- Dyspnoea (breathlessness) — any breathlessness should be assessed in terms of whether it is related to effort and whether it is associated with any other respiratory symptoms. Heart disease is a common cause of dyspnoea and the different diagnosis between respiratory and cardiac causes for breathlessness may not be easy to establish.
- Sputum — in individuals with a productive cough, the amount and character of the sputum produced, as well as a relationship to work, should be established.
- Chest pain — chest pain is quite rare in occupational respiratory disorders and is usually due to cardiac or musculoskeletal disorders. However, it may occur with pneumothorax and pleurisy — both possible outcomes of occupational respiratory disease.
Chest X-rays and lung function tests should be considered as part of pre-employment screening where there is any risk of occupational lung disease. They will establish any existing lung disease, assess fitness for employment and provide a baseline for future screening.
The following clinical investigations may be used to monitor individuals who have been or are currently exposed to a potential hazard.
- Chest X-rays — large posteroanterior and lateral views are essential. These tests may be augmented by other scans to demonstrate changes in lung structure.
- Pulmonary function tests — these tests attempt to quantify the efficiency of the lungs in terms of flow rates and lung volumes. They are particularly useful in identifying conditions such as obstructive airways disease, Chronic Obstructive Pulmonary Disease (COPD) or emphysema. Pre-employment lung function testing should always be carried out where there is any assessed risk of lung disease.
- Sputum (the mucus material from the lungs that a person coughs up) — this may be examined for evidence of harmful dusts and cultured for pathogenic bacteria.
- Blood tests — testing may identify hyper-allergic individuals.
Diagnosis of Occupational Respiratory Disease
The diagnosis of respiratory disease in general relies on the nature of the symptoms described by the patient and the results of clinical tests.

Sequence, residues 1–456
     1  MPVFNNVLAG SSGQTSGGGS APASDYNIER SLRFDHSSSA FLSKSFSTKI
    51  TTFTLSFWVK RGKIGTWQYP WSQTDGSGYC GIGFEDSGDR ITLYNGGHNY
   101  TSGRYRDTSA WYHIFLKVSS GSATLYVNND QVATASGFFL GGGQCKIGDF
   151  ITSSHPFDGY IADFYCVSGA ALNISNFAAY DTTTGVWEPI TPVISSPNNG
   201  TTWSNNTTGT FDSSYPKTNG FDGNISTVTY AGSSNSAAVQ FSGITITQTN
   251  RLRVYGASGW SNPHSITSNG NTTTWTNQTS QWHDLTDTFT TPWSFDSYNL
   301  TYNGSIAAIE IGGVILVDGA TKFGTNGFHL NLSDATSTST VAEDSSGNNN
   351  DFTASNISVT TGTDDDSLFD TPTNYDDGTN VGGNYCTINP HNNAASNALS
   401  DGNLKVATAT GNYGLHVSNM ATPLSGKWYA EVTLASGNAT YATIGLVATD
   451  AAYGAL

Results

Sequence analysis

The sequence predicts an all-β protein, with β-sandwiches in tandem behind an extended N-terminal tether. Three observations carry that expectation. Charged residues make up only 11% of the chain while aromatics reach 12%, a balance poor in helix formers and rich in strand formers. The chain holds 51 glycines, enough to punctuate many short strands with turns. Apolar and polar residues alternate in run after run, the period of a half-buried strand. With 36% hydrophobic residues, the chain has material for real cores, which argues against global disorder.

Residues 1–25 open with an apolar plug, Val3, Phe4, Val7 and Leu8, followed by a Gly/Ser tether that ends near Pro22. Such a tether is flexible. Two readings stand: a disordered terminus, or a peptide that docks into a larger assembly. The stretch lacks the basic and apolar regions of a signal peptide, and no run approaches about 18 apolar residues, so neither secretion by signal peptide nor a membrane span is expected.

A diagnosis of occupationally-linked lung disease will rely on symptoms that are clearly related to work and a history of exposure to potentially harmful substances. It is important to remember that, although a number of workers may be affected, certain individuals may have more severe problems.
Managing Employees with Occupational Lung Disease
Immediate Action — Acute Symptoms
Occupational lung disease rarely requires emergency treatment but inhalation of toxic fumes and vapours may result in such a need. It is also possible that individuals may become sensitised over a period of time with the result that even minimal exposure to the sensitising agent may provoke an acute allergic reaction.
The initial treatment must be based on the first-aid principles of removing the victim from the source of the problem, providing such life support as is necessary and the administration of oxygen if breathing is in any way affected. Urgent transfer to a medical facility should then be undertaken.
Chronic Occupational Lung Disease
In non-acute cases, any action taken should result from consultation between management, the employee and occupational health professionals.
Occupational lung disease should be managed on the following principles.
- Can the employee’s exposure to the causative agent be modified to allow continuing employment without further progression of the condition? This will involve detailed consideration of work practices, use of personal protective equipment and the need for monitoring. Alternative employment may need to be considered.
- Can the symptoms be controlled by medical treatment to allow the same employment to continue without progression of the condition?
- If disability is, or becomes, severe enough to warrant retirement on health grounds, it is important that this decision is taken only on the recommendation of a qualified occupational health physician.